Quick single: avoiding prodigious turn
Earlier in the summer, watching the 1st Test between West Indies and Australia, I was excited to see Devendra Bishoo tease the Australian middle-order. I wrote about how he turned the ball sharply to get Steven Smith stumped and to bowl Brad Haddin. At first, I typed the words ‘prodigious turn’ to describe the delivery that had defeated Haddin. The phrase emerged easily onto the screen, but snagged my eye as I re-read the finished sentence. With a little thought, a bit more effort, I altered the description to something that didn’t cause discomfort when re-reading it.
I had avoided ‘prodigious turn’ and had identified a foe, a representative of a class of expression that I wanted to sidestep. With the ‘quick singles and short pitches’ initiative, I committed to writing more regularly. The faster pace of composition would mean less opportunity to reflect on my writing and the greater temptation to lean on familiar formulations in the rush to press the ‘publish’ button.
The particular class of expression I have wanted to evade is not the sport’s slang (e.g. ‘good areas’), nor is it cliche (e.g. ‘catches win matches’) because I would expect to steer clear of both. It’s a budding cliche; something that when it was first coined was probably fresh and distinctive. It involves the use of adjectives or verbs that are unusual and might give the writer a sense of erudition. But the sense is false, because the words are a formula.
I can think of two situations in which these expressions are used. The first is when a cricketer is spending her first days in the commentary box and there isn’t time to measure every word. The familiar but more sophisticated sounding formulations give more weight to utterances, so it seems. The second situation is in recreational cricket where the terms are used archly as players act out a pretence of playing the same game, requiring the same level of description, as their international heroes.
You may have started to identify phrases that fit these criteria. I think of the following as being on a par with ‘prodigious turn’:
‘inserting the opposition’ and its synonym, ‘electing to field’
‘extracting movement from the pitch’
‘bisecting the field’
None of these is poor English. Originality cannot and probably should not always be sought by those writing about the game. These expressions, though, have become familiar and in their regular usage, some of their meaning is being lost. Language, of course, is not stable and I am also very aware that there is also personal taste at work. At the moment, I am reading a collection of John Arlott’s articles on cricket. In a piece written in 1983 about Derek Randall, he wrote this:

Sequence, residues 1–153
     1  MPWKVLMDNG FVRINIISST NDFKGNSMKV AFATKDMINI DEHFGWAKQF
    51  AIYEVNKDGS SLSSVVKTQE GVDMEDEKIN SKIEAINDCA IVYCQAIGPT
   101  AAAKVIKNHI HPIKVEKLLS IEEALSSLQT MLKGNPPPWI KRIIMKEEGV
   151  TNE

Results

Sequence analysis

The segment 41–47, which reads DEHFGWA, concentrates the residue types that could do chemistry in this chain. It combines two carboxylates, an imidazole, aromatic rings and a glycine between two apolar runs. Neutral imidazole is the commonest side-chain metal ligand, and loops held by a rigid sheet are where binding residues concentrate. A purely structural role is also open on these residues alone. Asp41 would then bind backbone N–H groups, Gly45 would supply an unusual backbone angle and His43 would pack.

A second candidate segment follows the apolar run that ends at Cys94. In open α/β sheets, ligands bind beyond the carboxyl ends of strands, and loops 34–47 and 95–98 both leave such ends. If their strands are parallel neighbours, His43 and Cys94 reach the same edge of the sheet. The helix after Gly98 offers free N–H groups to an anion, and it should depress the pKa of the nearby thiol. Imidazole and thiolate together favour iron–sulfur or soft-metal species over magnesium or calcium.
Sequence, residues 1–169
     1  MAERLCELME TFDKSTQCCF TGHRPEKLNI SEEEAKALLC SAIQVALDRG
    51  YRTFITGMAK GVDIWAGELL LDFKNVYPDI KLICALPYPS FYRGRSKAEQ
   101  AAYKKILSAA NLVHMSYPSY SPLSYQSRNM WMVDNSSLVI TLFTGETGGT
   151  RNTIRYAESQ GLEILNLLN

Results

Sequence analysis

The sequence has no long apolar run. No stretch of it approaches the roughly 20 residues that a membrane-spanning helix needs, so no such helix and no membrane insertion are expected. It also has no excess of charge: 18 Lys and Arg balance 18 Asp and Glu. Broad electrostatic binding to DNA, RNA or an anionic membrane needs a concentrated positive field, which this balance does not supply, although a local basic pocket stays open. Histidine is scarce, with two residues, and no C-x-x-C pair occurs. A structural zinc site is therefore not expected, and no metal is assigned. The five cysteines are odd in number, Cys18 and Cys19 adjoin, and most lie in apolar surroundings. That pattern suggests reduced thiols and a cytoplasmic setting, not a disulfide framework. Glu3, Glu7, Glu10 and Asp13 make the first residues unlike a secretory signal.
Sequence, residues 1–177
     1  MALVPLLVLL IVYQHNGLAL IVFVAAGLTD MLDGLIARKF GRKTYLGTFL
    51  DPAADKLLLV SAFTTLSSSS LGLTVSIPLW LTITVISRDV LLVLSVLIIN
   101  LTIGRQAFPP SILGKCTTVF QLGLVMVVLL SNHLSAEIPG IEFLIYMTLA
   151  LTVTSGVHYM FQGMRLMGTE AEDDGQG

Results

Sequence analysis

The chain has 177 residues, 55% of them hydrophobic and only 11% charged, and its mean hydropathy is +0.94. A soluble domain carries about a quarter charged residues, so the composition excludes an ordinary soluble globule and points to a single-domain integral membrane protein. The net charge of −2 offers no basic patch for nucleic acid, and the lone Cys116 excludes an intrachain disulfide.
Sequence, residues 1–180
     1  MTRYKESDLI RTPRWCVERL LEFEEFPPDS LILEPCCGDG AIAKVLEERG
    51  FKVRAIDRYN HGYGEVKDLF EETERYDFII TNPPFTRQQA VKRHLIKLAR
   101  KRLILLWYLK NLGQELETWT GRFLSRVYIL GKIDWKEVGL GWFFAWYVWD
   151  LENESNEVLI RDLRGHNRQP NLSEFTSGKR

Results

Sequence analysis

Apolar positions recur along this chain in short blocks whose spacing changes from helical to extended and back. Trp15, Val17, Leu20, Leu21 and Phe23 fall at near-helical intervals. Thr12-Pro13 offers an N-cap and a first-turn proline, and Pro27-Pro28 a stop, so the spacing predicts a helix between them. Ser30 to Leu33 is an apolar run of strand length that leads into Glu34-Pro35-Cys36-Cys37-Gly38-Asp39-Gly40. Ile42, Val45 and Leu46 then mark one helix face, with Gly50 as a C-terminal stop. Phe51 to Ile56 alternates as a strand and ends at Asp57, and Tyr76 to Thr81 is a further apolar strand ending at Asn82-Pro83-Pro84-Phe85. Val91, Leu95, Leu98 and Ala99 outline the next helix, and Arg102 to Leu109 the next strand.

One would have expected one of his bubbling enthusiasm to bowl furiously fast; or very slow with prodigious spin.
Quick single: Dr Seamus Hogan
Yesterday, I had intended to write up a piece about Steve Smith, Derek Randall and John Arlott. I was going to point out the similarities of Smith and Randall: fidgeting, stepping across the crease, playing shots without establishing the orthodox ‘solid base’; I would revisit Arlott’s famous article about the Nottinghamshire batsman and why his often replayed summation was unfortunate hyperbole. I was going to conclude that Smith didn’t remind me of my inevitable demise.
But yesterday morning I read the sad news of Seamus Hogan’s death. I knew Hogan in a very modern way: twitter exchanges, emails and comments on each others’ blog posts. Different hemispheres, shared interests, instant, brief communication.
Despite the limitations of that sort of acquaintance, he came across as very likeable, generous and clever. In fact, Hogan was a leading economist and academic in New Zealand. From time to time, he applied his academic rigour to cricket questions, generating counter-intuitive, but statistically solid insights.
Across the cricket world, he is probably best known for his work behind WASP, the result and score predictor used by, amongst other outlets, SkySports. Like any forecasting system, WASP was only really interesting for most viewers when it was wrong. On a couple of occasions, I followed Hogan as he patiently and politely responded to gloating and ill-informed criticism on twitter of the system he co-founded. Too patient and too polite, I thought. Those who really knew him may know if that was his general disposition – I suspect it was.
Hogan’s blogs – about cricket and other matters – can be found on the Offsetting Behaviour website, which he shared with a colleague, Peter Frampton, who wrote this touching, dignified notification of his death.
For all John Arlott’s erudition and eloquence, he was dreadfully wrong about Derek Randall and, indeed, any other batsman “who overplays his hand and falls into disaster”. That’s not what reminds you of your own mortality.
My thoughts are with Seamus Hogan’s colleagues, his students, his friends and, above all, his family.